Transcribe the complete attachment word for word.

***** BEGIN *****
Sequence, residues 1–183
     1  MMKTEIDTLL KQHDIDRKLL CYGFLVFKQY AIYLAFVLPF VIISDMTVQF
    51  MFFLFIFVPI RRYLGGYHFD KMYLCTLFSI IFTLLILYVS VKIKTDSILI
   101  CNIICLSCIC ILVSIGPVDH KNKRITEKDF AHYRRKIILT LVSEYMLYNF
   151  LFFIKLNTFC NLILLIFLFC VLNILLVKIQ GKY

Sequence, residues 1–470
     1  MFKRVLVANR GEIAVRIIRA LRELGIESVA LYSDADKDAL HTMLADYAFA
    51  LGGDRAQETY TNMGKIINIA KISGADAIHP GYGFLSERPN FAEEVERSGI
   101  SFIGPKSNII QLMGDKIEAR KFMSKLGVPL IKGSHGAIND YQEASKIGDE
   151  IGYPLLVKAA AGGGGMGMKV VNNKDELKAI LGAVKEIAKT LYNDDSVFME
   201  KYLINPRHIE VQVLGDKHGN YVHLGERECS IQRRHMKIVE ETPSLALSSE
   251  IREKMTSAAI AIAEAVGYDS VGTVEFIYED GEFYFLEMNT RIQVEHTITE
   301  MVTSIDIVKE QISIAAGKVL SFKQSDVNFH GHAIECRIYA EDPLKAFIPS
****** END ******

Sequence, residues 1–183
     1  MMKTEIDTLL KQHDIDRKLL CYGFLVFKQY AIYLAFVLPF VIISDMTVQF
    51  MFFLFIFVPI RRYLGGYHFD KMYLCTLFSI IFTLLILYVS VKIKTDSILI
   101  CNIICLSCIC ILVSIGPVDH KNKRITEKDF AHYRRKIILT LVSEYMLYNF
   151  LFFIKLNTFC NLILLIFLFC VLNILLVKIQ GKY

Sequence, residues 1–470
     1  MFKRVLVANR GEIAVRIIRA LRELGIESVA LYSDADKDAL HTMLADYAFA
    51  LGGDRAQETY TNMGKIINIA KISGADAIHP GYGFLSERPN FAEEVERSGI
   101  SFIGPKSNII QLMGDKIEAR KFMSKLGVPL IKGSHGAIND YQEASKIGDE
   151  IGYPLLVKAA AGGGGMGMKV VNNKDELKAI LGAVKEIAKT LYNDDSVFME
   201  KYLINPRHIE VQVLGDKHGN YVHLGERECS IQRRHMKIVE ETPSLALSSE
   251  IREKMTSAAI AIAEAVGYDS VGTVEFIYED GEFYFLEMNT RIQVEHTITE
   301  MVTSIDIVKE QISIAAGKVL SFKQSDVNFH GHAIECRIYA EDPLKAFIPS